The deadline for submission of Intended Nationally Determined Contributions (INDCs) to the United Nations Framework Conference on Climate Change (UNFCCC) is fast approaching. In Botswana, some sectors directly involving ordinary citizens have been found by researchers to contribute in green house gas emissions.
For instance the livestock sector reportedly contributes approximately seven per cent of the carbon dioxide equivalent (CO2 eq.) annually with methane being the sole green house gas from this sector. A report compiled for the Department of Meteorological Services indicates that one of the mitigation measures meant to reduce enteric fermentation emission from the livestock sector will be through improving the quality of livestock diets to enhance the growth of livestock for market readiness.
“These changes do not only result in lower emissions on per unit of product, but also improve the economics and productivity of the herds, and can allow smaller animal populations to support a sustained production level. Currently, the government of Botswana has intensified efforts to improve livestock diet through ISPAAD program where farmers are encouraged to plant Lablab as livestock feed,” said the report.
Thus, this is a feasible mitigation measure for reducing methane from the livestock sector as it has been scientifically proven that improved diet results in reduced enteric fermentation. However, most of the livestock in the country are highly mobile, making this mitigation less feasible. In addition, production of lablab and other feeds is rain fed, making this mitigation measure to be highly unreliable. It is therefore recommended that this mitigation measure be excluded from the INDCs. However, these mitigation initiatives must be highlighted and reported to the international community to demonstrate the country’s commitments to continuously reduce its GHGs emissions. Fertilizers are also mentioned as the major source of GHGs, particularly nitrogen fertilizers which are responsible for nitrous oxide emissions. Fertilizers’ utilization in the country is relatively small.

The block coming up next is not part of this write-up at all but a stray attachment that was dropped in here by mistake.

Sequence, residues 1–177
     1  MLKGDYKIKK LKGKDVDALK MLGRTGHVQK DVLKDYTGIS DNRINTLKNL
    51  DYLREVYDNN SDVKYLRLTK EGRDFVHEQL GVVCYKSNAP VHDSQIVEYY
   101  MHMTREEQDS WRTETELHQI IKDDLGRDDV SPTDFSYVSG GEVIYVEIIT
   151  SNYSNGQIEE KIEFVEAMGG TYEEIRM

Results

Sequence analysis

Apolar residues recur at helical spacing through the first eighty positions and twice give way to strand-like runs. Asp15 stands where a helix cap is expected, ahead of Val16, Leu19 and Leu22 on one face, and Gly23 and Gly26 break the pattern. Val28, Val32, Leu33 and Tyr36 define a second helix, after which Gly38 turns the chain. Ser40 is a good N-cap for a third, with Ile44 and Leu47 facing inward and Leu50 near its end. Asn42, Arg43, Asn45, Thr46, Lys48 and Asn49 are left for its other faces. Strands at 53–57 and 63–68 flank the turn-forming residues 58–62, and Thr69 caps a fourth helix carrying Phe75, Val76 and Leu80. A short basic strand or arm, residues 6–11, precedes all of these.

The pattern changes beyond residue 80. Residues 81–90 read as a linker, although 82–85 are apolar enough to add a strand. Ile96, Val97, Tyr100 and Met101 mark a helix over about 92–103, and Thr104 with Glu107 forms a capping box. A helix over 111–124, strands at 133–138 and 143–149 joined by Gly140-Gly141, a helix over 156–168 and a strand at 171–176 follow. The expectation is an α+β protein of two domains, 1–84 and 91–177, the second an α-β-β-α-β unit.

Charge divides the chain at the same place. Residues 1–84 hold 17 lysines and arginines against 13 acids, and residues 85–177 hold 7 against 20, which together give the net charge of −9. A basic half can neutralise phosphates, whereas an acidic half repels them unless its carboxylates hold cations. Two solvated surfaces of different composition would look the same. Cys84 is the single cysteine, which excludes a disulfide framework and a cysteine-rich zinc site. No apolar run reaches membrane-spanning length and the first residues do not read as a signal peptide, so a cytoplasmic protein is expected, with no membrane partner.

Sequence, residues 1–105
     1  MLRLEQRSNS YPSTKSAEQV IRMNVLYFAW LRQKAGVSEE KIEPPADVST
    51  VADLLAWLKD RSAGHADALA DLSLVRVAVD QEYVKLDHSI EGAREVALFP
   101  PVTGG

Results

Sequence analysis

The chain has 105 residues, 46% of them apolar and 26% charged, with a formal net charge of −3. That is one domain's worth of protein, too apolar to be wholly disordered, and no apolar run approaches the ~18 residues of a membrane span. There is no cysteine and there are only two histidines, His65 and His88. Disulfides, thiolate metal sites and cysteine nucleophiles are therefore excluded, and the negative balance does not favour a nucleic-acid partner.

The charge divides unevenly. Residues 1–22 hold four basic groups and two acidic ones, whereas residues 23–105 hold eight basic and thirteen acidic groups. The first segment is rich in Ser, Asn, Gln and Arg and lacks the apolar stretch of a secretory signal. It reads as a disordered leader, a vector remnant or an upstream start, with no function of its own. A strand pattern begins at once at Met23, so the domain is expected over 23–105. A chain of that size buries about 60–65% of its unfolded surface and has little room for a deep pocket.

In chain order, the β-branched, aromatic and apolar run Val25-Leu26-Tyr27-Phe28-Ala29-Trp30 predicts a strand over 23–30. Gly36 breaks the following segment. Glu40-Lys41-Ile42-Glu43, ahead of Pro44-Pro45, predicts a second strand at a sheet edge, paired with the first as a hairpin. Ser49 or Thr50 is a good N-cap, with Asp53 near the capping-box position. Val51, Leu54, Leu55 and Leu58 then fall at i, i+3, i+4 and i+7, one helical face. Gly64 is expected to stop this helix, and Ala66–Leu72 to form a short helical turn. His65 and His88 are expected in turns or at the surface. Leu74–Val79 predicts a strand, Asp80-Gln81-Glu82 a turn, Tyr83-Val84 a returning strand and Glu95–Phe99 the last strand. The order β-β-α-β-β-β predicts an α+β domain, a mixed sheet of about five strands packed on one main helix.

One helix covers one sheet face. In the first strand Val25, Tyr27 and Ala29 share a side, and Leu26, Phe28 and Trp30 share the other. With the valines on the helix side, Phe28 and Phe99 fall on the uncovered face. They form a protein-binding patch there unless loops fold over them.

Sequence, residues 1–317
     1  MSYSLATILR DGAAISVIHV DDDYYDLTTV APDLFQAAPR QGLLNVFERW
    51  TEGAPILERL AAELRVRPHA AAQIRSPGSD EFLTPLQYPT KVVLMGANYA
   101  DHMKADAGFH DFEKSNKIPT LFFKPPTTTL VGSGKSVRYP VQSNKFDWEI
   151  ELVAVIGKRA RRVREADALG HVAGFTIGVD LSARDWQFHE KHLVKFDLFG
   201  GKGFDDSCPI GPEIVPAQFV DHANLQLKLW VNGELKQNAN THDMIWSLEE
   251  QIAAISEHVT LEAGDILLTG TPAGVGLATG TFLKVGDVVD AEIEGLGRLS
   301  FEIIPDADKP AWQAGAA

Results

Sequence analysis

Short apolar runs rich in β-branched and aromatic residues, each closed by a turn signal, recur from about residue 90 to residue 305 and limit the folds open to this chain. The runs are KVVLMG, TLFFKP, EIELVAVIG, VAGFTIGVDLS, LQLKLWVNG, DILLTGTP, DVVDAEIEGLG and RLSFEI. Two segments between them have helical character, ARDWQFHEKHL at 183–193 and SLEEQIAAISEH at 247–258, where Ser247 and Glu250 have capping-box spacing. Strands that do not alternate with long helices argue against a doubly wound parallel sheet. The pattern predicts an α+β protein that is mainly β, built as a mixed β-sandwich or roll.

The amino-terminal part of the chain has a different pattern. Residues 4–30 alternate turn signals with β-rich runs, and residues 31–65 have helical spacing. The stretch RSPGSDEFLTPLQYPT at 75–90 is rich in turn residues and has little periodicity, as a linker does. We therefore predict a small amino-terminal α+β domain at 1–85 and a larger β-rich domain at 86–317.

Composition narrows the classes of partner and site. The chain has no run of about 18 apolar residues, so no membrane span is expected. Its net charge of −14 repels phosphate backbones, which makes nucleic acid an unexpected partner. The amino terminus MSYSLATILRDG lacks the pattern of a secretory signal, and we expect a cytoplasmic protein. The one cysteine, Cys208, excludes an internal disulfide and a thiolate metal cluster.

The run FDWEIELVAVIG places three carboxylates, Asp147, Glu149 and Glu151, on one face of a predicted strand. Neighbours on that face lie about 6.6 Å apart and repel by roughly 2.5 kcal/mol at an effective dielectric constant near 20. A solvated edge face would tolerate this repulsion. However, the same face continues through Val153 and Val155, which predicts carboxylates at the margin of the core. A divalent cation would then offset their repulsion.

“For instance, by 2010, it was estimated that approximately 3384 metric tons of fertilizers were distributed by the Ministry of Agriculture and the figure rose to 5864 metric tons in 2014. Based on the IPCC emission factor of 0.01-0.0125 per Gg, the estimated N2O emission is insignificantly small to be reported,” read the report.
Additionally, due to emphasis on smart agricultural initiatives such as Integrated Pest Management and Integrated Soil Management, it is envisaged that by 2030, the usage of inorganic fertilizers will not increase substantially,” it states.